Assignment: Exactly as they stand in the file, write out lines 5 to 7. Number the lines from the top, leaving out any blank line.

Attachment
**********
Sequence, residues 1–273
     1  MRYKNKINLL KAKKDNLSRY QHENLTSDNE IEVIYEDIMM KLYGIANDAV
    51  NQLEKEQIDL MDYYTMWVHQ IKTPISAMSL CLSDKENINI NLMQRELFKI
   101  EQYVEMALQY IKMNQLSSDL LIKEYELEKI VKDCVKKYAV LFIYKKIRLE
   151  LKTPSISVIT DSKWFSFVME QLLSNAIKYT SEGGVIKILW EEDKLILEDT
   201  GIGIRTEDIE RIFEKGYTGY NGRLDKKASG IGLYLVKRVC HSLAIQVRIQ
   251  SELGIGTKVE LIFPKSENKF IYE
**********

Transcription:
   151  LKTPSISVIT DSKWFSFVME QLLSNAIKYT SEGGVIKILW EEDKLILEDT
   201  GIGIRTEDIE RIFEKGYTGY NGRLDKKASG IGLYLVKRVC HSLAIQVRIQ
   251  SELGIGTKVE LIFPKSENKF IYE